On the first day of my new job, I contributed program code that went live to the website we are building. After a month, I contributed some code that caused alerts. I felt bad and it was reverted quickly, never making it to the site. Still, I was surprised about how my colleagues reacted. They did not blame me! I felt support. These people have got my back. I experienced that it is okay to make mistakes and people trust me to fix them. After my years in gradschool this was a refreshingly new experience! Just two weeks ago, somebody within the company received the annual prize, our three-armed-sweater, for the most spectacular way to bring down the site. We joked that if somebody does not break the site to get the prize, they are not daring enough in their coding. I am still nervous when pushing new code to the site, but it feels like an exciting anticipation and respect for my work.
People working with complex systems know they are brittle, because they are complex. Code that works well is nice, but working code also means everything is done - how boring! Programmers and builders live in a constant state of things-not-quite-working-yet, pushing this boundary every day. Even though it might be just software, this can be a challenging environment.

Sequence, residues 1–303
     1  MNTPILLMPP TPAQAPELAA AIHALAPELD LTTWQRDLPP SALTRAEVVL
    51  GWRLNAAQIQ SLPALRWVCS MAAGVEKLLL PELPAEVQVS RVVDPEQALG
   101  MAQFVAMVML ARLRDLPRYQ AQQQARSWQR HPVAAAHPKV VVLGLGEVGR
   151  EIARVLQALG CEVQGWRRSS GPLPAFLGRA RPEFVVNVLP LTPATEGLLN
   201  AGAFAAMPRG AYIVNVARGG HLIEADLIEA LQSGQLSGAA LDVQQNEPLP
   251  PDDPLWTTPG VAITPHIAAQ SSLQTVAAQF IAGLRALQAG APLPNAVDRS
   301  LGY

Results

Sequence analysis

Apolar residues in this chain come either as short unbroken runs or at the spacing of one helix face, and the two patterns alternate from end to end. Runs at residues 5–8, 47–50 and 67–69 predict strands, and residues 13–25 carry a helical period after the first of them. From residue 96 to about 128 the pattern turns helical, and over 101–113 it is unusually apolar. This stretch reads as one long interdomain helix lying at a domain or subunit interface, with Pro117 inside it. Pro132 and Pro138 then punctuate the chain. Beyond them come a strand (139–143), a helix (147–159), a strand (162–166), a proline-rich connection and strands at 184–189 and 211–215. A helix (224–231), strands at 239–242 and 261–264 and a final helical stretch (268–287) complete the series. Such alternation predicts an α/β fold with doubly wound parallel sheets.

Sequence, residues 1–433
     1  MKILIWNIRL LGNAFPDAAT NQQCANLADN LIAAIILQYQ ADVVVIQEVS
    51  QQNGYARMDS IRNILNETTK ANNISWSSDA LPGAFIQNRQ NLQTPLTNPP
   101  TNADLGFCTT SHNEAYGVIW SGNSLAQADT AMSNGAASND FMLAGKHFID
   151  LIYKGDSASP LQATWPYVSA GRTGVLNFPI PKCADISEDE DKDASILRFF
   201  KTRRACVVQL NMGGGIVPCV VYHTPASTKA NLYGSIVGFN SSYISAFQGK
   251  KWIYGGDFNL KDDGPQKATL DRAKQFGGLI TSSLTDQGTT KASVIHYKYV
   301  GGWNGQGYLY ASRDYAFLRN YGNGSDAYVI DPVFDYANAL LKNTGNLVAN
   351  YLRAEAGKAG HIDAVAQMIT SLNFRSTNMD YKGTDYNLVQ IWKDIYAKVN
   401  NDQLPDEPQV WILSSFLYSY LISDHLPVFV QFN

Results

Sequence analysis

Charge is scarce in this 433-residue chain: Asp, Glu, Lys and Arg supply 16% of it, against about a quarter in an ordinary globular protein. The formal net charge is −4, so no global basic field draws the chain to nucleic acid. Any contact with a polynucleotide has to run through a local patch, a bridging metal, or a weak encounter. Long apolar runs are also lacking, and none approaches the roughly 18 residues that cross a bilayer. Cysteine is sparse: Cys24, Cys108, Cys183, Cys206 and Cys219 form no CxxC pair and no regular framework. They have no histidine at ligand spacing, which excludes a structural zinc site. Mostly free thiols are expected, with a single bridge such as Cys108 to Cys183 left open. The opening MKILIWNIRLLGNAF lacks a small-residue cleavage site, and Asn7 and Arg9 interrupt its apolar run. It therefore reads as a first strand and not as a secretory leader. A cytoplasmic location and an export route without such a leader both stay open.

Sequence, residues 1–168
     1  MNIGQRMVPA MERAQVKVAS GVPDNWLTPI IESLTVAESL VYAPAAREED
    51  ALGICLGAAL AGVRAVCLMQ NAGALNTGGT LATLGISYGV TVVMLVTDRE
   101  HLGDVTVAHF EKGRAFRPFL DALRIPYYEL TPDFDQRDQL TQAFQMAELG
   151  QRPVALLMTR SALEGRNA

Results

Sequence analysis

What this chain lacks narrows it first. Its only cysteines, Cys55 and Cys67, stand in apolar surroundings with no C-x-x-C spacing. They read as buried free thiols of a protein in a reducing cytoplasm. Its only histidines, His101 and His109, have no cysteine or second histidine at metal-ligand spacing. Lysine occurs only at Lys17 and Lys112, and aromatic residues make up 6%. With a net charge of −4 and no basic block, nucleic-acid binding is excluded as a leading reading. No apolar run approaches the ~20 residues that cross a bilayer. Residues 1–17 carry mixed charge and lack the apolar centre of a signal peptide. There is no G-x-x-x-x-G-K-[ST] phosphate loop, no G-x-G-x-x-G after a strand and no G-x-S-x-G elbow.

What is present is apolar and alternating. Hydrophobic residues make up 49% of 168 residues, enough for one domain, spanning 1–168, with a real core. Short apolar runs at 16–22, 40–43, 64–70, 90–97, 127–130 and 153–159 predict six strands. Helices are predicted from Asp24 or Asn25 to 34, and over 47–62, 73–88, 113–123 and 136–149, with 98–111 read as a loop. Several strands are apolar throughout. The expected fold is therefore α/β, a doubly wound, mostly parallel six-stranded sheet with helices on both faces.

Programming culture is rife with stereotypes of lone-wolf coders. On hacker news, people like to "well-actually" each other. I did it, and maybe you do it too. Quite often, we face our coding questions all alone. With computers, we fight unforgiving machines, and usually the mistakes in our systems are based on human decisions. Programming in pairs and code reviews are techniques to improve these decisions by adding an extra set of eyes and opinions. These tools are excellent to use when working on a challenging complex system together and are known techniques by now.
But what about the quality of human interaction? How can we build a culture of blamelessness and why is it crucial for learning and brave decision making?